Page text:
One executive believes states may be part of the insurance solution. “What I’m hearing is that it’s going to be at the state level and will be somehow related to production, to how much you’re spending in the state… I know that there are some states with commissions that are working on it.”
The question of independent film financing with no pandemic insurance blends into the issue of whether indies could afford coverage even if it’s offered and, regardless, how their slim margins will absorb the extra expense of COVID safety protocols, including higher contingencies.
“When you’re taking a movie to Cannes this week, your German distributor isn’t going to care if what should be a $10 million movie is now a $13 million movie” because of COVID, said one executive.
Passion projects have an advantage. “We see a lot of people being excited and wanting to go back to work,” said O’Shea. “But we are [also] seeing that the talent, director or writer or primary cast are going to be more or less cautious about going on set, depending on the project. … The more passionate they are about the project, the more wiling they are to set a date regardless of COVID.” Ditto with a financier.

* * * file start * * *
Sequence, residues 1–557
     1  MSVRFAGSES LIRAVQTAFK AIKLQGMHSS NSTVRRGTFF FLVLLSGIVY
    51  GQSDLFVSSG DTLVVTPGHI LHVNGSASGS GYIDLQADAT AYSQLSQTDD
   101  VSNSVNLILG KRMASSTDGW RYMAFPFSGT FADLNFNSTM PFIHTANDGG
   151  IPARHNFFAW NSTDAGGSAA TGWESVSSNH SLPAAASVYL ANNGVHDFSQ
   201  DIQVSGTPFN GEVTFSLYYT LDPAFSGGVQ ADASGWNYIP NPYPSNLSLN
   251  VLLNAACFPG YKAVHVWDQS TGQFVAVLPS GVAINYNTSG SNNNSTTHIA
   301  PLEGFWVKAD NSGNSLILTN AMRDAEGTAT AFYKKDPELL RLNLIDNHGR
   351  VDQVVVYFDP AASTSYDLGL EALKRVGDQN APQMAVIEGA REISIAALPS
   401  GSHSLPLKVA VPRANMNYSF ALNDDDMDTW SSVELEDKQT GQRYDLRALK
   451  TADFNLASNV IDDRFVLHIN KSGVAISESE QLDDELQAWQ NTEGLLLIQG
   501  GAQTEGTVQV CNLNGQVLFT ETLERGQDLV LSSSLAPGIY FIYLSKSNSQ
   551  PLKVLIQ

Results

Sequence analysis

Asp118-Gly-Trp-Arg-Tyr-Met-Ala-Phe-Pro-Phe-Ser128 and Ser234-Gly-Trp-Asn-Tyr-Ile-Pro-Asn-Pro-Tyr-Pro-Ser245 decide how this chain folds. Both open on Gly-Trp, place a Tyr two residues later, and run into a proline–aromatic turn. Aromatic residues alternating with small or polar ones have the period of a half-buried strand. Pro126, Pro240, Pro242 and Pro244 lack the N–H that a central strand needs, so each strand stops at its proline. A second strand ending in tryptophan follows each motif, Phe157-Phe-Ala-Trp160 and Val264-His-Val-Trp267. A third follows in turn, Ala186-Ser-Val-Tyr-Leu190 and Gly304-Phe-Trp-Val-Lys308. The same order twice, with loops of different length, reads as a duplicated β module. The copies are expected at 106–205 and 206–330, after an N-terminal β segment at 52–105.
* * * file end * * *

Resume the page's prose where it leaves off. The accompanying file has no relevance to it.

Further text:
Meanwhile, the industry is seeing a migration of production – restarting and new – to countries that opened earlier and have contained the virus better than has the U.S.
“Everyone’s negotiating,” said Jean Prewitt, president of the Independent Film & Television Alliance, which represents the industry in D.C. “Some are going without pandemic insurance. Some are self-bonding. Some are paying for an additional policy out of their own pocket. Whatever is necessary… [to] assure a bank you are covering risk yourself. That you have five cast members and a limited crew … and calculate what that is going to cost you.”
“It’s really shifted the nature of what is being produced and how it will be distributed. People are doing what they need to do to Band-Aid it all, but Band-Aids are not going to be … able to produce a broad range of diverse product at lots of different price points.”
“What is going to be lost is the bigger budget, more elaborate [indie] productions.”